If you live in New Jersey and own a car, state law requires you to carry certain types of insurance. Understanding New Jersey car insurance coverage requirements is crucial. Otherwise, you could be in trouble if you are stopped by police or are involved in an accident.
At Petro Cohen, we recognize that New Jersey car insurance requirements can be confusing. Please contact our office if you have questions about coverage and what New Jersey requires. In the meantime, read on to learn more about New Jersey car insurance coverage options.
No-Fault Insurance: Personal Injury Protection (PIP)
New Jersey is a no-fault insurance state. That means you must carry specific no-fault coverage that will apply if you get into an accident. It will help reimburse you for medical expenses and lost wages. It might also include funeral expenses should someone pass away.
No-fault insurance applies regardless of fault. You do not need to pursue a negligence claim against the at-fault driver. This coverage includes no reimbursement for your vehicle damage or fault-based damages, such as pain and suffering.
The minimum no-fault insurance, or Personal Injury Protection (PIP), is $15,000 per person or accident, but it could be as high as $250,000, depending on the policy you purchase.
Injured victims can sue the at-fault driver in certain situations. When an accident causes a severe injury, and the person has exhausted their no-fault benefits, they can pursue a personal injury claim to try and recover medical expenses incurred beyond their exhausted no-fault benefits.
New Jersey No-Fault Insurance Coverage is the best coverage you can have if you are in an automobile accident. Purchasing limits of $250,000 is recommended.
New Jersey Basic vs. Standard Policies
New Jersey offers something called a basic insurance policy that does not come with any liability coverage. That means if someone does sue you, you are on the hook personally for pain and suffering, and some type of economic damages. Your insurer will not provide a defense lawyer or help with any legal fees. There is an option to add up to $10,000 in liability for all persons, per accident. Property damage is only $5,000.
The standard policy reflects the current bodily injury limits of $25,000 per person and $50,000 per accident. Property damage is $25,000 per accident. You can purchase much higher bodily injury limits, even as much as $500,000.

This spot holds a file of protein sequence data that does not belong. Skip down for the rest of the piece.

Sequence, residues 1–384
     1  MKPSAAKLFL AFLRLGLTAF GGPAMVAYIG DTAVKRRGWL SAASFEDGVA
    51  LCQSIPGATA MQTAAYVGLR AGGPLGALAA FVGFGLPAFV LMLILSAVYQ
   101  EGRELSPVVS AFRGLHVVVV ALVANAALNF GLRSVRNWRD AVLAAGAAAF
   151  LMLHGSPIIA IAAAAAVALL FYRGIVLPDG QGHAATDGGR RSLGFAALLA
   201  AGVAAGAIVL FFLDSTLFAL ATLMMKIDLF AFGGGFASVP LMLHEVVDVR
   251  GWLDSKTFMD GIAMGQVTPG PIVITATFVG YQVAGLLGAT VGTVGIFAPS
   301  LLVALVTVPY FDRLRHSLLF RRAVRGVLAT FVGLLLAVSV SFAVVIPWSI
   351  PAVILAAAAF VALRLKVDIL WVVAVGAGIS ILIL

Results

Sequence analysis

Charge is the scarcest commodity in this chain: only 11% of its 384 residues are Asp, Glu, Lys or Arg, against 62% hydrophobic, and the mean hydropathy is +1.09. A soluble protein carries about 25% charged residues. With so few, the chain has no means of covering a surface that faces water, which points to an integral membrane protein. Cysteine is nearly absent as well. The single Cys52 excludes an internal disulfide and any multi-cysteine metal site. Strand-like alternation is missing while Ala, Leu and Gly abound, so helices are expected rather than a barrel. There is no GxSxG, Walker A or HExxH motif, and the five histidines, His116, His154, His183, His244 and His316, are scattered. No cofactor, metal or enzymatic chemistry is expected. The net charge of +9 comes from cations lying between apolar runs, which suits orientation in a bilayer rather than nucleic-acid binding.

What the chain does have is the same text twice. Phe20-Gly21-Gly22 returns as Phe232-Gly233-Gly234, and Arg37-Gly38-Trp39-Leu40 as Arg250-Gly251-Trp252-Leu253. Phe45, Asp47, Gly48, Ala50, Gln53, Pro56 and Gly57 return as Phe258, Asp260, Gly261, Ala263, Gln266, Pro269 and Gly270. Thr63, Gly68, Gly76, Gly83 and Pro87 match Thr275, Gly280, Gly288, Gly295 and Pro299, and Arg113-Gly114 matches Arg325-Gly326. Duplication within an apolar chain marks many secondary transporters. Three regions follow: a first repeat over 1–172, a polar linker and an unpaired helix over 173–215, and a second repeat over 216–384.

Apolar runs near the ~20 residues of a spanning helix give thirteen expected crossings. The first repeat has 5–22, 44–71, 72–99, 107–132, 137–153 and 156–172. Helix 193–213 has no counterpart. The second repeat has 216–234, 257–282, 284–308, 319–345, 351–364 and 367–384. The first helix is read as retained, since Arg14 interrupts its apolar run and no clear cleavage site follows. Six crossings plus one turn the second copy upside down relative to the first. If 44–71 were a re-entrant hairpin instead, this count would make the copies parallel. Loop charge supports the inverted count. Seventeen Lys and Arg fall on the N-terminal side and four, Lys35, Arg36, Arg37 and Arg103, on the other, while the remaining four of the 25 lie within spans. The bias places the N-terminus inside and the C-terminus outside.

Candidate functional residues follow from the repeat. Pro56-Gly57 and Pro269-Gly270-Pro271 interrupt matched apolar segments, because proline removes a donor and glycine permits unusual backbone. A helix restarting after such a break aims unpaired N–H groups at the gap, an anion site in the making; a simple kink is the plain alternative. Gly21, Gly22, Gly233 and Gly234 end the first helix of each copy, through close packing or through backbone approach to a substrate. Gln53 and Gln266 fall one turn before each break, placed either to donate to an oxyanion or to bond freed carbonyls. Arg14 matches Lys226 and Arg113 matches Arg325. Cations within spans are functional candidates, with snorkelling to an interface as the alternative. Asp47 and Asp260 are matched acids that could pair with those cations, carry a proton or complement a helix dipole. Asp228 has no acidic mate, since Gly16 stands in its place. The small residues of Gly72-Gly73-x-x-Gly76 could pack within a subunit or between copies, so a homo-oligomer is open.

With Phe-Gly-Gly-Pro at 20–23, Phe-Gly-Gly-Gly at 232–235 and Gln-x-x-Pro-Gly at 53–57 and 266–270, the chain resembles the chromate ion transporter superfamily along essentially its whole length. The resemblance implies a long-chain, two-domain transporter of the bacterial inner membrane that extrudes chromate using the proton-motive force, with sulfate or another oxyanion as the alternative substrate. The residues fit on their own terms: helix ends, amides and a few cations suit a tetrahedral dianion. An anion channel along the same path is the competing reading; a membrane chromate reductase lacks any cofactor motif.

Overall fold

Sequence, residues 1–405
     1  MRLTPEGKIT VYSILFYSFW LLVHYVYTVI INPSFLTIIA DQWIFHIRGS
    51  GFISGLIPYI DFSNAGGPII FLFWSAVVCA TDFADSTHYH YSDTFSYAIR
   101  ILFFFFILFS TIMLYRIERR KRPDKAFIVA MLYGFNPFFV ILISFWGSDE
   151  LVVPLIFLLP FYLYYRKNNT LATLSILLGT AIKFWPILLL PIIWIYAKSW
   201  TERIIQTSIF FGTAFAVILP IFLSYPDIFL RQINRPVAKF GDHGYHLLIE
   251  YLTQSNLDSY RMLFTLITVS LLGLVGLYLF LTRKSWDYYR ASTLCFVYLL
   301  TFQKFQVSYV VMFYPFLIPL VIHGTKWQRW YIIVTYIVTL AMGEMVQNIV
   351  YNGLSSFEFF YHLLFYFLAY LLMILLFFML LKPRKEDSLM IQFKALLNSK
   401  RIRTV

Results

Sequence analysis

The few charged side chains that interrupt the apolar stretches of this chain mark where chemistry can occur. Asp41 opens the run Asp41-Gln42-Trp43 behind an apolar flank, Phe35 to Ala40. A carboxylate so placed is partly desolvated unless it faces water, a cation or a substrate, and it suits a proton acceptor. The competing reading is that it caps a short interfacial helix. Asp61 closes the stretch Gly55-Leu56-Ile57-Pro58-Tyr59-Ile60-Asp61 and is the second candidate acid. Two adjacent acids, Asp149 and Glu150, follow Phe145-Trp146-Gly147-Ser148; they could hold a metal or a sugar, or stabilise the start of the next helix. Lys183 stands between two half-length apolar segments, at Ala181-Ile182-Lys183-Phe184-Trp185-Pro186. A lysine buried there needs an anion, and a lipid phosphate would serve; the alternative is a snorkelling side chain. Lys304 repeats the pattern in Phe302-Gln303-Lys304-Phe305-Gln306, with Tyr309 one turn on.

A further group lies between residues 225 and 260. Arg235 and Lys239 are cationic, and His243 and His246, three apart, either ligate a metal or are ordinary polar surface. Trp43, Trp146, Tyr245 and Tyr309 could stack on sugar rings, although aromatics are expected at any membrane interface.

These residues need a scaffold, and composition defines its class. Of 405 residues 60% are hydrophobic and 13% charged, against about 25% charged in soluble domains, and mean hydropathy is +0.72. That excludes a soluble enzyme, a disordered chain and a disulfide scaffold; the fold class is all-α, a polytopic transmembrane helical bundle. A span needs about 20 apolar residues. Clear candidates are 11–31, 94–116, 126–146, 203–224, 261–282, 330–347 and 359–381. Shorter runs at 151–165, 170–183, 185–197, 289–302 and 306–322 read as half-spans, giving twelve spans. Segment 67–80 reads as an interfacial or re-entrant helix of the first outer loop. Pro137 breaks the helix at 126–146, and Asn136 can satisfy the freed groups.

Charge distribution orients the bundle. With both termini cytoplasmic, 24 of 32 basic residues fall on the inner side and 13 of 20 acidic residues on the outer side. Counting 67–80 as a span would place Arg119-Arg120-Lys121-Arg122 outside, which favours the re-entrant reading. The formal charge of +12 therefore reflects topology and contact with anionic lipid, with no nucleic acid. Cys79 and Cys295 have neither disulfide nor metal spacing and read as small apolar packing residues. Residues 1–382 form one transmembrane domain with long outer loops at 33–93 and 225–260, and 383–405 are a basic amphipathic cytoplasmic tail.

Optional Auto Insurance Coverage
Some coverages are optional add-ons for the standard policy, and a couple are also available for the basic policy:
- Comprehensive coverage. Comprehensive coverage covers non-collision-related physical damage to your vehicle, such as theft, fire, or animal contact.
- Collision coverage. Collision covers damage from collisions with other vehicles or objects.
- Uninsured/Underinsured Motorist Coverage: UM/UIM can protect you if an at-fault party lacks insurance or sufficient liability limits. However, it is not an option for the basic policy. Whenever possible UM/UIM coverage should be purchased to protect you and your family if the person who causes your accident is uninsured or underinsured. You should make certain your UM/UIM coverage is the same as your liability limits.
You can also customize your standard policy with options like accident forgiveness, roadside assistance, new vehicle replacement, and rental car expense coverage for more comprehensive protection.
Factors Affecting Car Insurance Rates
Your zip code and vehicle type have an impact on your insurance rates. Age and driving experience are other factors impacting your rates.
Do you have a teenager at home? If so, they can apply for a learner’s permit at 16, their probationary license at 17, and a full driver’s license when they turn 18. Having a younger driver can drive up your insurance rates. Thankfully, you can usually find out how much insurance costs will rise before adding them to your policy, so it does not come as a huge shock.
Be aware of other factors that can increase your rate, such as traffic violations, prior at-fault accidents, adding a driver to your policy, and any lapse in insurance coverage.
What Are the Consequences of Driving Without Insurance?
Driving without meeting New Jersey car insurance requirements lead to fines, license suspension, vehicle impoundment, and high out-of-pocket costs in case of accidents. It also increases your insurance premium when you decide to get coverage again.
Choosing the Right Policy
When selecting an auto insurance policy in New Jersey, shopping around is essential. Before purchasing a policy, consider the following:
- Assess your needs. Consider the coverage you need based on your vehicle, driving habits, and financial circumstances.
- Compare providers. Research and compare insurance providers’ coverage options, customer service, and rates.
- Read the fine print. Pay attention to the policy details, including exclusions and limits, so you know what is covered and what is not.
Choosing the right auto insurance coverage is crucial. You should purchase as much insurance as possible, especially if you have assets. Trying to save money by buying a basic policy could be devastating if you cause a severe accident. At Petro Cohen PC we can explain auto insurance coverage so that you can purchase the right coverage for you and your family.